Thursday, 27 April 2017

Eight years of design at Shetland Arts

Today marks the end of an era. 
My last day working for Shetland Arts.

I started working as Graphic Designer with Shetland Arts in 2009. The graduate placement transformed into a full time post. In 2013 I switched to part time when I moved to Bristol to pursue a MA in Printmaking.

Shetland Arts went through many changes during the time I worked there. Building Mareel. Expanding the marketing department and use of design within the agency. More recently restructuring the whole team.

I'm very lucky to have been part of that and it has allowed me to boost my professional practice. And to that, I'm thankful to all the people I've worked with at and through Shetland Arts.

I thought I'd celebrate by putting together a best of creative projects from over the years. 

It's been hard to pick one per year as there are so many projects ranging from corporate branding (Mareel!) to the weird and wonderful (which are my favourite, and usually something to do with John Haswell!)

Within a few days of starting I got to play around with movie posters for Film Wednesdays  at the Garrison Theatre.

Notes: The team worried not using official movie imagery would not pull in a crowd.


This was an epic project to document hundreds of rings that were part of the Portage: Finger Symbols exhibition at Bonhoga Gallery curated by the amazing Mary Smith.

Notes: We shot most of the film at Burrastow House. We had freedom of the B&B for the day and freestyled as we went through all the rings. There was no real plan and it was wonderful! Jane Matthews came up with the idea of body paint on the arms and it set the film off on the weird tangent.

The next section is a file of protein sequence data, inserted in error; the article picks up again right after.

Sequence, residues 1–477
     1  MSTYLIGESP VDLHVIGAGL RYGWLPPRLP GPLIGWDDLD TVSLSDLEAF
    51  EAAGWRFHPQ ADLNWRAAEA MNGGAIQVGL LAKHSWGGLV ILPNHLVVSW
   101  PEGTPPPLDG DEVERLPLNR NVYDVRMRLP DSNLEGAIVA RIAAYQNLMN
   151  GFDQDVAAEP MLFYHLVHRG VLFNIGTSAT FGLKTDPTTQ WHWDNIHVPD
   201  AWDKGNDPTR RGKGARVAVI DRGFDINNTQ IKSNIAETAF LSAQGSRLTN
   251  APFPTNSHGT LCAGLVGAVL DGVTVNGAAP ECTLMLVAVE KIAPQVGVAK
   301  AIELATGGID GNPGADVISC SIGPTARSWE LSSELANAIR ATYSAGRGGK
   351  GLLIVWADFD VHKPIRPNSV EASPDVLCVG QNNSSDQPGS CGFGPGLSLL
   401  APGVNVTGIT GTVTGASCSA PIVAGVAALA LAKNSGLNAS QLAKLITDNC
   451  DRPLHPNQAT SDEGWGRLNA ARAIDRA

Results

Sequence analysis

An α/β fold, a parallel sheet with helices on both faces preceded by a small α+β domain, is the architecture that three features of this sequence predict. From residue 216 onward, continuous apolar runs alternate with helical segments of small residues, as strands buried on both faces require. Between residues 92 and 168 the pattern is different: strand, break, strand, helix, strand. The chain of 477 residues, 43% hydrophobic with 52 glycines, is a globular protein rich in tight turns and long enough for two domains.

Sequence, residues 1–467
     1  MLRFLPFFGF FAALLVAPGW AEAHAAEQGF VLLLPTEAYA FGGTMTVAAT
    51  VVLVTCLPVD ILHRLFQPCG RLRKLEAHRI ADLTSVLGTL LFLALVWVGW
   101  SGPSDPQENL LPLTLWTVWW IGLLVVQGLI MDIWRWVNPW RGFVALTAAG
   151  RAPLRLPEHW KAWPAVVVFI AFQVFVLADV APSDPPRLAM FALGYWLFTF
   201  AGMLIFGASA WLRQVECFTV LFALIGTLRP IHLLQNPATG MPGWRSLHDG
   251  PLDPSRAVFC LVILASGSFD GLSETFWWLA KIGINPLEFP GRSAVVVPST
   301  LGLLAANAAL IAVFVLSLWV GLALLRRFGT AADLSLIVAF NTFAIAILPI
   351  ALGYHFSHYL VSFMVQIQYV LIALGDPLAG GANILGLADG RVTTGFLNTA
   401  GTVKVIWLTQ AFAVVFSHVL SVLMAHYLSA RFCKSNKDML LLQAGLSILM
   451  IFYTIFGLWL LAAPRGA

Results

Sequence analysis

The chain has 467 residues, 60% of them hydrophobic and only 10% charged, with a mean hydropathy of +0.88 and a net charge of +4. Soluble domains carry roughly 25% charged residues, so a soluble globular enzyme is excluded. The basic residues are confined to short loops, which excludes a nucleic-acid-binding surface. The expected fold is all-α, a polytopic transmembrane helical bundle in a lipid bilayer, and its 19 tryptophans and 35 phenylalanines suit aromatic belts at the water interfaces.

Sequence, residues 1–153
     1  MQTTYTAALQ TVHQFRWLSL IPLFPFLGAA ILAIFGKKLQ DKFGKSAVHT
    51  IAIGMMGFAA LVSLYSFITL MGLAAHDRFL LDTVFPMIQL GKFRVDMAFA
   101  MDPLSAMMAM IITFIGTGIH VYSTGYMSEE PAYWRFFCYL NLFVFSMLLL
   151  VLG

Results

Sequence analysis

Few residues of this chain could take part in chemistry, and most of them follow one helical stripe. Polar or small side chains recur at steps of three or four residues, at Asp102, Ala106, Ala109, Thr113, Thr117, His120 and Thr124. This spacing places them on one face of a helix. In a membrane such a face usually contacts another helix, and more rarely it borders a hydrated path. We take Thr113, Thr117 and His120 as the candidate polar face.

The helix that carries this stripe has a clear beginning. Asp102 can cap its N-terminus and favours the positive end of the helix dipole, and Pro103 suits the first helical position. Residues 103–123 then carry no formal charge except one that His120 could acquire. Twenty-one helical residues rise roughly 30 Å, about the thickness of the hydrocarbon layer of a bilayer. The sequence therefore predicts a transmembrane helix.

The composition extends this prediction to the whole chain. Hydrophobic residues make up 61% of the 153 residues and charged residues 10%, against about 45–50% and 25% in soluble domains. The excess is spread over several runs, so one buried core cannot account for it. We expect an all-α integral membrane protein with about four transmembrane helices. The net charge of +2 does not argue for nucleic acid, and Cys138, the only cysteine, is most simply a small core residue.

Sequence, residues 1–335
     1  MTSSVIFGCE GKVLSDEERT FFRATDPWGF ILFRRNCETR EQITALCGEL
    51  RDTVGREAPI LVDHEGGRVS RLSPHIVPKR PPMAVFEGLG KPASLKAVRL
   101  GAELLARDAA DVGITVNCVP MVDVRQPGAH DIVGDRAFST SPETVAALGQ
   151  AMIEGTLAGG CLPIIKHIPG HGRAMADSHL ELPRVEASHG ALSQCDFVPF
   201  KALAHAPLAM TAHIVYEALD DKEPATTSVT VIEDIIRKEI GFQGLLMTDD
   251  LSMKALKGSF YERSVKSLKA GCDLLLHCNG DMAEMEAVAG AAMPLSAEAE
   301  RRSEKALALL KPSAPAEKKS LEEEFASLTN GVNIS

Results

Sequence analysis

The process of branding Fiddle Frenzy, from the initial sketch to final which is still in use. It seems fitting to show it as Fiddle Frenzy 2017 happens to be the very final project I'm working on today!

Notes: We user tested the designs with musicians and music teachers who suggested flipping the direction of the fiddle to better represent the instrument.

Above all the rest this was the most memorable in ambition and process. Director John Haswell pitched the idea and we went with it! Morag Haswell was a hero and posed for this photo in the freezing cold.

Notes: The photo was taken in the old Sandwick school, where Richard Wemyss lived at the time. Pig head provided by Martin Sandison who was working at the Globe butcher. The chalk was written by hand. John kept the head in his freezer, it provided a good few meals.

Change was a climate change conference held in Mareel in 2010 which we were helped out with marketing and branding.

Notes: There are often so many iterations in the design process. And these are two concepts which were never used. The first cycles through different typefaces showing the changing nature of our world. The second used a piece of creative coding software, visualising data collected over a year in Shetland in form of a logo.

I would have thought every designers dream job would be to work on a beer bottle label? Part of the Mareel cafe bar's celebrations around ScreenPlay, an annual project I will miss working alongside Kathy Hubbard.

Note: I didn't get to try the beer or get a picture!


It has to be said that some projects were tough with quick turnaround times. Sometimes you have no idea what's required, but it allows things like this to happen.

Note: That is a pepperoni pizza on his head. Nobody noticed.


As well as a new logo design for Shetland Youth Theatre, there was this fun poster project for the Gargantua show.

Note: The concept was to parody the (Shetland hacked) Konga movie poster which is on display in Shetland Museum.

A 3D visitor map for Up Helly Aa activities inspired by theme park maps and model towns.

Note: I wrote a bit more about this here.

Cheers to an excellent 8 years!